Results: Overall ED volume declined 28% during the study period. The nadir of volume was 52% of 2019 levels and occurred five weeks after a shelter-in-place order was enacted. Patient demographics also shifted. By week 4 (April 5), the proportion of Hispanic patients decreased by 3.3 percentage points (pp) (P = 0.0053) compared to a 6.2 pp increase in White patients (P = 0.000005). The proportion of patients with commercial insurance increased by 11.6 pp, while Medicaid visits decreased by 9.5 pp (P < 0.00001) at the initiation of shelter-in-place orders. For patients from neighborhoods <300% federal poverty levels (FPL), visits were –3.8 pp (P = 0.000046) of baseline compared to +2.9 pp (P = 0.0044) for patients from ZIP codes at >400% FPL the week of the shelter-in-place order. Overall, 2020 evidenced a consistently elevated proportion of high-acuity Emergency Severity Index (ESI) level 1 patients compared to 2019. Increased acuity was also demonstrated by an increase in the admission rate, with a 10.8 pp increase from 2019. Although there was an increased proportion of high-acuity patients, the overall census was decreased.

Conclusion: Our results demonstrate changing ED utilization patterns circa the shelter-in-place orders. Those from historically vulnerable populations such as Hispanics, those from lower socioeconomic areas, and Medicaid users presented at disproportionately lower rates and numbers than other groups. As the pandemic continues, hospitals should use operations data to monitor utilization patterns by demographic, in addition to clinical indicators. Messaging about availability of emergency care and other services should include vulnerable populations to avoid exacerbating healthcare disparities.

Impact of the COVID-19 Pandemic on Emergency Department Transfers to a Higher Level of Care

Introduction: During the coronavirus disease 2019 (COVID-19) pandemic, a reduction in emergency department (ED) visits was seen nationally according to the US Centers for Disease Control and Prevention. However, no data currently exists for the impact of ED transfers to a higher level of care during this same time period. The primary objective of the study was to determine whether the COVID-19 pandemic affected the rate of non-COVID-19 transfers from a rural community ED.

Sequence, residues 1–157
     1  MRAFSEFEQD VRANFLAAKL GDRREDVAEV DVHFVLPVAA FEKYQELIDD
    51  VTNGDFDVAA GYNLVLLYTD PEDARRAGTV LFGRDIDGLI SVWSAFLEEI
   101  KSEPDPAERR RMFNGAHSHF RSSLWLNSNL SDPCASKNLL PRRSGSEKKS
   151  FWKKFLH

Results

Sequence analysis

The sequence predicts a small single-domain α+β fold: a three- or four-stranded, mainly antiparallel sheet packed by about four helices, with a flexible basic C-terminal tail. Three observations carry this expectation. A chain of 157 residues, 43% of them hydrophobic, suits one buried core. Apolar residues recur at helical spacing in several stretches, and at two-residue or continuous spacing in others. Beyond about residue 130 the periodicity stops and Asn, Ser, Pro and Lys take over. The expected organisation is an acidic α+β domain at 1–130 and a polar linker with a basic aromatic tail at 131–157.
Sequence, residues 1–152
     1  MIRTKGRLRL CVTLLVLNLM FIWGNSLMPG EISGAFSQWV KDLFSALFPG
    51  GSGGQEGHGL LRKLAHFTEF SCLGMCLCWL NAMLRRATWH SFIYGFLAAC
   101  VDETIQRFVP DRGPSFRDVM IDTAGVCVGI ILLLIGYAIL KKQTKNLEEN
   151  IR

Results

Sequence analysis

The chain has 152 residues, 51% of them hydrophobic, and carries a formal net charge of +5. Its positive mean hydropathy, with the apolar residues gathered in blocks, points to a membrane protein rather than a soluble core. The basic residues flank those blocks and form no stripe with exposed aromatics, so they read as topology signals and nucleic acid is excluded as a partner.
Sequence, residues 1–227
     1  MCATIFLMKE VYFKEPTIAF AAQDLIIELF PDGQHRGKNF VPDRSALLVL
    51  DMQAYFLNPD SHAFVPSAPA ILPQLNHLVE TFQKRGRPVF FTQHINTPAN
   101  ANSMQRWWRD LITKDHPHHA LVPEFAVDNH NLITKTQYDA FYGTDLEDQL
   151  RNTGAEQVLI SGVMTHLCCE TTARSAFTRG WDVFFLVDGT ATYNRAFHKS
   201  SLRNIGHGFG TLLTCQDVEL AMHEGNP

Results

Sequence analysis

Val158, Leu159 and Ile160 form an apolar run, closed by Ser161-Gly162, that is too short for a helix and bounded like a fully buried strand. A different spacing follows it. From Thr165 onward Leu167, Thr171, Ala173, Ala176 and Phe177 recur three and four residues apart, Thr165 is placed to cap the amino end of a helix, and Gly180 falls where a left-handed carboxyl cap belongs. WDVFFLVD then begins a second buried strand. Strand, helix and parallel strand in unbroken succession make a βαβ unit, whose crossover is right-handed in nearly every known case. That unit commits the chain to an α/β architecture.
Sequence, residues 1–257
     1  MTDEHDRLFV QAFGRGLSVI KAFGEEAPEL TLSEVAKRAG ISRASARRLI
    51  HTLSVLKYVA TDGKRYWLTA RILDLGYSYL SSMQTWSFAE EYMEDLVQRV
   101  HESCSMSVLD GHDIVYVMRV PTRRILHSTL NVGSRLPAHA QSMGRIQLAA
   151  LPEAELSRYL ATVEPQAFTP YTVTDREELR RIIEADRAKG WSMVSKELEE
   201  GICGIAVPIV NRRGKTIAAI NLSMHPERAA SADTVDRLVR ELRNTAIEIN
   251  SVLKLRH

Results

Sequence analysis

Methods: We completed a retrospective chart review of all ED patients who presented to Kingman Regional Medical Center in Kingman, Arizona, from March 1–June 31, 2019 and March 1–June 31, 2020. To ensure changes were not due to seasonal trends, we examined transfer rates from the same four-month period in 2019 and 2020. Patients were included in the study if they were transferred to an outside facility for a higher level of care not related to COVID-19.

Results: Between the time periods studied there was a 25.33% (P = 0.001) reduction in total ED volume and a 21.44% (P = 0.009) reduction in ED transfers to a higher level of care. No statistical difference was noted in ED transfer volume following adjustment for decreased ED volumes. Transfers for gastroenterology (45%; P = 0.021), neurosurgery (29.2%; P = 0.029), neurology (76.3%; P < 0.001), trauma (37.5%; P = 0.039), urology (41.8%; P = 0.012), and surgery (56.3%; P = 0.028) all experienced a decrease in transfer rates during the time period studied. When gender was considered, males exhibited an increased rate of transfers to psychiatric facilities (P = 0.018).

Conclusion: Significant reductions in both ED volume and transfers have coincided with the emergence of the COVID-19 pandemic. Further research is needed to determine how the current pandemic has affected patient care.

Provider Antibody Serology Study of Virus in the Emergency Room (PASSOVER) Study: Special Population COVID-19 Seroprevalence